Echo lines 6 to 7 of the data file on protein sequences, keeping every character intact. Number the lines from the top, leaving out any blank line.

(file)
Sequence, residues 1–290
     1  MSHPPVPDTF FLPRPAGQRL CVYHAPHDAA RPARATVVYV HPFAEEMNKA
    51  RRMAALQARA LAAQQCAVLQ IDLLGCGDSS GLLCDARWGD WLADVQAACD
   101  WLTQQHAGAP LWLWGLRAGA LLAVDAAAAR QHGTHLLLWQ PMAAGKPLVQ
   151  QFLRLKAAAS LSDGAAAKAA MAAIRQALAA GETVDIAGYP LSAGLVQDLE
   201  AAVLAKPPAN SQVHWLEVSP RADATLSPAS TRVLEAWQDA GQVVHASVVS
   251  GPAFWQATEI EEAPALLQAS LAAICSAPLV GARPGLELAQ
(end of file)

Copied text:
   201  AAVLAKPPAN SQVHWLEVSP RADATLSPAS TRVLEAWQDA GQVVHASVVS
   251  GPAFWQATEI EEAPALLQAS LAAICSAPLV GARPGLELAQ